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Retail Pharmacy: The Nucleus of the Pharmaceutical Industry. Part 2. Crossing The Pond.

Posted on | September 7, 2019 | 2 Comments

Mike Magee

By the 18th century, in Germany, England, France and Switzerland, says one British historian, “a man practicing pharmacy, whether apothecary or chemist and druggist”, saw his retail operation as the cornerstone of a potential wholesale gold mine.

What is it they produced back then? Well at least in Britain, the answer is, quite a lot of what is affectionately termed today “little technology”. From the same British historian, “Pills and boluses could be made by hand, tinctures by the simple process of maceration or the slightly more complex one of percolation, infusions were more than making a cup of tea, and ointments merely used mortar and pestle. Few chemists and druggists were content with just dispensing, but developed what has been termed their ‘own lines’, that is the pharmacists own formulation for a soothing cough mixture, a worm eradicator, an ointment for scabies, but not too griping purge. Many hoped to make a fortune.”

So in one sense, Mr. Jones’s philosophy of never leaving a penny on the floor, undeveloped, was an inherited value dating back a century or two. These were versatile and imaginative entrepreneurs, experimenters with high productivity, if not uniform quality. One pharmacy in Birkenshaw, Yorkshire, had a handwritten formulary that included 534 discreet formulas – 316 medicinal, 69 cosmetic, 68 veterinary, and 81 “domestic”. Among the lot were compressed tablets, cold creams, lotions, essence of smelling salts, powders of all types, and brandy. But of course, there were other offerings considerably more exotic like cockroach bait, glove cleaner and non-mercurial plate powder.

Simple discoveries in delivery systems expanded the market. Cocoa butter introduced in 1852 launched a worldwide surge in suppositories. The soft gelatin capsule opened all new possibilities in 1834. Subcutaneous injections followed in 1855. By then, some medicines were described as patent or proprietary, but most were simple ‘secret formula’ concoctions that were not registered. As one expert noted, “The ‘quack’ medicines would have had little, if any, therapeutic value, but then neither had most of those prescribed by physician or surgeon apothecary; indeed there was often little to tell between them. The ‘patent’ medicine trade at least had the merit of passing on the knowledge of how to manipulate equipment and mix ingredients in bulk.”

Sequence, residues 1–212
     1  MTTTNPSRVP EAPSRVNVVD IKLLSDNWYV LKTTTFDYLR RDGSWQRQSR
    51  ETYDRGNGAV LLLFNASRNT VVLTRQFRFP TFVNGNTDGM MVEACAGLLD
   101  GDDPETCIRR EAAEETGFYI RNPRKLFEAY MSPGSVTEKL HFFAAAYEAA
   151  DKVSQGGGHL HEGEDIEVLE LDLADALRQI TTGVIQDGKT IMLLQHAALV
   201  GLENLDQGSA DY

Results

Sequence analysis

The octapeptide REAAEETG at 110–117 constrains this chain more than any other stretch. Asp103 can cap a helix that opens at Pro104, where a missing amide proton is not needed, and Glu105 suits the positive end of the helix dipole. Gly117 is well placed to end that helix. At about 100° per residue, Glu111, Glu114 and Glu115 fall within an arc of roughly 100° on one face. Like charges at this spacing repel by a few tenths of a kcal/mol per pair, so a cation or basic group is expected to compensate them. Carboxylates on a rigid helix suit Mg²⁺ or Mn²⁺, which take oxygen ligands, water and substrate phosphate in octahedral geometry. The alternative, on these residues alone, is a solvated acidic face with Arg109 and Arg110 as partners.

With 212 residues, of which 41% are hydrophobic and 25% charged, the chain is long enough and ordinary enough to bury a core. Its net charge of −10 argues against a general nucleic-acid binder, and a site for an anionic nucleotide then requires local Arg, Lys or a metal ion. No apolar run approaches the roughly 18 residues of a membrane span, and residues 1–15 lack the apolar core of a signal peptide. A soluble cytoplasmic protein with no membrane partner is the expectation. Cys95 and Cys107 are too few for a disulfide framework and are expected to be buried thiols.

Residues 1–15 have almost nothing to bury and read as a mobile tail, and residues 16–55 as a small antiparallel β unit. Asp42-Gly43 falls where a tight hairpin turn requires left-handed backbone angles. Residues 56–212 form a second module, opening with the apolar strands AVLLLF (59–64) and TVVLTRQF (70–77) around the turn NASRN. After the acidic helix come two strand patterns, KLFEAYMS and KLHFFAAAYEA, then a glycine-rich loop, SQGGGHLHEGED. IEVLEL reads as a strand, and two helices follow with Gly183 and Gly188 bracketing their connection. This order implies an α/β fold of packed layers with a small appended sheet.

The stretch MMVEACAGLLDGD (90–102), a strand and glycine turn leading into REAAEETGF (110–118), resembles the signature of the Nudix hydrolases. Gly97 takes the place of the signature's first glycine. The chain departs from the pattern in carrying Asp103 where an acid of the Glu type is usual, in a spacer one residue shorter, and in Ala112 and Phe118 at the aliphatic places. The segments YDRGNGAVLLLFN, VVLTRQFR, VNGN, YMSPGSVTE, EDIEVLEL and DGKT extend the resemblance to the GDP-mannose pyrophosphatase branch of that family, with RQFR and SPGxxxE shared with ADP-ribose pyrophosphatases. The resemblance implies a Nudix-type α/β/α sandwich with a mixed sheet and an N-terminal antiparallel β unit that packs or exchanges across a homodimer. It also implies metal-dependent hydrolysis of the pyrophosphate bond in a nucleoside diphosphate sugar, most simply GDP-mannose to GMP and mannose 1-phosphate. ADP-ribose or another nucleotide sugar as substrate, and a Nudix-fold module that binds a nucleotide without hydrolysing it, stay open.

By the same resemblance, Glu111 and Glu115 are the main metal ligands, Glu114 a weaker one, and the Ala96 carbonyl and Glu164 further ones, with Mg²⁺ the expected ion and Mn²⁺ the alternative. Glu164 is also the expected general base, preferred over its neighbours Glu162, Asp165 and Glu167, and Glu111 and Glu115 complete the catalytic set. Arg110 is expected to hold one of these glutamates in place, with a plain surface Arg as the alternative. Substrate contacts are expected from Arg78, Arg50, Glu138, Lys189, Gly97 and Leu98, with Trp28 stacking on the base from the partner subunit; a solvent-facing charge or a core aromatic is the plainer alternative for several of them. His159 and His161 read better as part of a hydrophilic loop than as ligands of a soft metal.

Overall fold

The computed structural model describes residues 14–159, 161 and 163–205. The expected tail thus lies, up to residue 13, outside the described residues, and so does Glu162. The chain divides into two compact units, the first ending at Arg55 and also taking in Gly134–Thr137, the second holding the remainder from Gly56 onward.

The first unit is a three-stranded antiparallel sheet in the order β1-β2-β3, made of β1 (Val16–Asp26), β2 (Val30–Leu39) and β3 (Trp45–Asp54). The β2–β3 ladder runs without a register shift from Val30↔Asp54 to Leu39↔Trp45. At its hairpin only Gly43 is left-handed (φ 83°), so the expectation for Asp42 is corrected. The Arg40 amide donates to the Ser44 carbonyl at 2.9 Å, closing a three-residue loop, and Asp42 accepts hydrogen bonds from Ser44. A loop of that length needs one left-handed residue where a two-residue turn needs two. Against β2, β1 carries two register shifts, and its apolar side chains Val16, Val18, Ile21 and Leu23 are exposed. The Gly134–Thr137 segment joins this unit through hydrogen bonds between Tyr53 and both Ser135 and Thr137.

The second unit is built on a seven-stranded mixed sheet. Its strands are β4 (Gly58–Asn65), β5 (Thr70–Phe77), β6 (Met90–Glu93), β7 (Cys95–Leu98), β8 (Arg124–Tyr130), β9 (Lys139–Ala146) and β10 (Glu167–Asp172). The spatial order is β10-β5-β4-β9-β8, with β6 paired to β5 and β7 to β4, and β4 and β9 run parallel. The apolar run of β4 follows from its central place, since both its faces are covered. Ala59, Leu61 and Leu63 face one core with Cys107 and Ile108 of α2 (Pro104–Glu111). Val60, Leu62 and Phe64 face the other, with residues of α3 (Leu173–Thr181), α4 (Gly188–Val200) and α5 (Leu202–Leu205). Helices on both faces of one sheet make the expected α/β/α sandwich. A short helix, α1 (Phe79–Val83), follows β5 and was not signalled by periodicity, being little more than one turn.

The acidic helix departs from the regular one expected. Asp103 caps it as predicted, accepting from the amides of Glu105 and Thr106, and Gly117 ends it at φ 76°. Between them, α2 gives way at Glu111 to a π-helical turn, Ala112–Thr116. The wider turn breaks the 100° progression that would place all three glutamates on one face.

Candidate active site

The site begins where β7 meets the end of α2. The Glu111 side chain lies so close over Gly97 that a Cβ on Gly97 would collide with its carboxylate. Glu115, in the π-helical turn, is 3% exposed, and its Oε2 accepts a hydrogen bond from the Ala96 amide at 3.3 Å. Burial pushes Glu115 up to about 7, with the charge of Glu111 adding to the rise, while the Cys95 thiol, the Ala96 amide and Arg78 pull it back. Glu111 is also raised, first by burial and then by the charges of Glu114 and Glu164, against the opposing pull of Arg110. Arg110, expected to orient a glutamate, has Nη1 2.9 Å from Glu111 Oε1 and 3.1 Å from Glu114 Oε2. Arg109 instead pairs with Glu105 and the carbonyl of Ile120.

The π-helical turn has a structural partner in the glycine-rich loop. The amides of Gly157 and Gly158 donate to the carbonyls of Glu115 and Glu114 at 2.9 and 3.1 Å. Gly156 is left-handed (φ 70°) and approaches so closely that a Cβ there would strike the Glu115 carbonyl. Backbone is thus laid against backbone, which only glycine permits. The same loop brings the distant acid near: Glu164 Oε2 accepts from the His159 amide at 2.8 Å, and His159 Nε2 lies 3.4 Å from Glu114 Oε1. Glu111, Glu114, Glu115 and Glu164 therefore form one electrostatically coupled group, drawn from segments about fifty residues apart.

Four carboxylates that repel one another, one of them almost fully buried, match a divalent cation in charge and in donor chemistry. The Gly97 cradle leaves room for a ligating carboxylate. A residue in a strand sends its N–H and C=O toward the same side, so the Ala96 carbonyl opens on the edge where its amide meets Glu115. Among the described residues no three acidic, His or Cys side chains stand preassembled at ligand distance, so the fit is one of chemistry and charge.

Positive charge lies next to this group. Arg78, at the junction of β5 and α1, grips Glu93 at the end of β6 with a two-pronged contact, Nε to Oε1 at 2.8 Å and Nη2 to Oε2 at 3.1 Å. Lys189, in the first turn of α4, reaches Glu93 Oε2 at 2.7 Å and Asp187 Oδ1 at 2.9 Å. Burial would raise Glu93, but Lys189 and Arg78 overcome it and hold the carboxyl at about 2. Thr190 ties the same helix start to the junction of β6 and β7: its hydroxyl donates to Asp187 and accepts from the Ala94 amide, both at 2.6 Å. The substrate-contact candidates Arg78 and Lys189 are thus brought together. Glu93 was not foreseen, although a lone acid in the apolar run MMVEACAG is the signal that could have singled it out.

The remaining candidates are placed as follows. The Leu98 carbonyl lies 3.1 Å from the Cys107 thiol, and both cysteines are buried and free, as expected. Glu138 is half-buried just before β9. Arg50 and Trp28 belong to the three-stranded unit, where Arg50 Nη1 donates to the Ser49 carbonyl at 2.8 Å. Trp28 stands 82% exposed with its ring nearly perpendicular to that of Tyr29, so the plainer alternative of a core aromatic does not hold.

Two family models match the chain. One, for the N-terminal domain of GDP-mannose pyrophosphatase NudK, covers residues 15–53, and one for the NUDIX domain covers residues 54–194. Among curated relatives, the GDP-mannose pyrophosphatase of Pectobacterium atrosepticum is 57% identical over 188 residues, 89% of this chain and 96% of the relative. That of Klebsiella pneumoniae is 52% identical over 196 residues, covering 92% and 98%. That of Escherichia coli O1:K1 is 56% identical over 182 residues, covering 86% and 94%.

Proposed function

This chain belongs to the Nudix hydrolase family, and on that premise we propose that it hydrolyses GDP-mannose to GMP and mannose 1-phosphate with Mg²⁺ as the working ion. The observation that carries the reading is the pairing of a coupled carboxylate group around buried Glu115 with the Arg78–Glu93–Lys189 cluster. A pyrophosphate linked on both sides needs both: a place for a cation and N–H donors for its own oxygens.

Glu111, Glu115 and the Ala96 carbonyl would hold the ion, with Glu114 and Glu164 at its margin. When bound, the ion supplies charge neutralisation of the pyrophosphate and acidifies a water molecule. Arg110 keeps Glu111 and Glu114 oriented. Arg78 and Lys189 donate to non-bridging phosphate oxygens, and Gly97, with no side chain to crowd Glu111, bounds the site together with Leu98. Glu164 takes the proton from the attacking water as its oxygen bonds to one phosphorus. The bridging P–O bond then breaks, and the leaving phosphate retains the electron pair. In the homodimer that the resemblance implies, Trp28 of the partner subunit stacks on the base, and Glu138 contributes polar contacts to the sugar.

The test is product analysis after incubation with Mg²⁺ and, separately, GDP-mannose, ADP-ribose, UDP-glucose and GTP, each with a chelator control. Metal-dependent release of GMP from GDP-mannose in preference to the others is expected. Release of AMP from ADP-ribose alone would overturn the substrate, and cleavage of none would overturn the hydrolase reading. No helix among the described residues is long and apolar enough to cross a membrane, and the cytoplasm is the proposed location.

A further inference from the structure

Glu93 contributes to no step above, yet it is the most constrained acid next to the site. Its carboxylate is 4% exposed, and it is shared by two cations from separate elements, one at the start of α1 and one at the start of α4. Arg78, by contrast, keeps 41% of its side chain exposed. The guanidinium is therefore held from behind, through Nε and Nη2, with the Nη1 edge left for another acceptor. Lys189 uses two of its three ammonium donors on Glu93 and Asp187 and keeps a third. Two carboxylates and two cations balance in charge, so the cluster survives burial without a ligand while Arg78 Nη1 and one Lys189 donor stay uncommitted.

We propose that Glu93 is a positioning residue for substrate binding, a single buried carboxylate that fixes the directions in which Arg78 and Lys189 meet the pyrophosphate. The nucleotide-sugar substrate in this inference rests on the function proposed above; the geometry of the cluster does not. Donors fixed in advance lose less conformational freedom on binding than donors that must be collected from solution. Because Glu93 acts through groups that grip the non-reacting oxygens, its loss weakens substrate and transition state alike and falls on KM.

These larger scale and more methodical chemists became increasingly prominent in Europe, and to a much lesser extent in America, in the second half of the 19th century. They produced three general types of products – those derived from simple compounds of vegetable substances (examples being ginger or aloes); those generic substances listed in the official country’s Pharmacopoeia, a document of “real medicines” carrying the imprimatur of the country Medical Society (like morphine and quinine); and those that were being developed increasingly according to new industry standards which emphasized systematic chemical research and laboratory development (such as new sera and vaccines).

Prominent as leaders of the 3rd group in 1880 in Britain was Burroughs Wellcome. While London based, it was the brainchild of two American entrepreneurs, Silas Burroughs and Henry Wellcome. Marketers at heart, they were the originators of sales visits to doctors offices and free samples left behind – a practice that would a century later be tangled up in a contentious debate over conflict of interest and direct advertisements to patients themselves.

Flowing in the other direction of Burrough and Welcome were chemists and scientists like German immigrants Charles Pfizer and Charles Erhardt who saw immense opportunity in America as this energetic nation took its first transformational steps into the Industrial Age. Still others, like fellow German immigrant Willliam Radam, saw in America the “Wild West”, and the opportunity to make a killing. And he literally did. Marketing a dilute solution of sulfuric acid colored with red wine, his “Microbe Killer”, widely advertised and sold often in religious/theatrical “fire and brimstone” revival sessions (promising to “Cure All Diseases” – a phrase embossed on its glass bottle), he made a quick fortune. Taken in high doses, it also killed a few people.

Comments

2 Responses to “Retail Pharmacy: The Nucleus of the Pharmaceutical Industry. Part 2. Crossing The Pond.”

  1. Charles Fahey
    September 8th, 2019 @ 11:15 am

    Again, thank you for interesting and useful information. Peace,

    Chuck

  2. Mike Magee
    September 9th, 2019 @ 10:17 am

    Thanks, Chuck!

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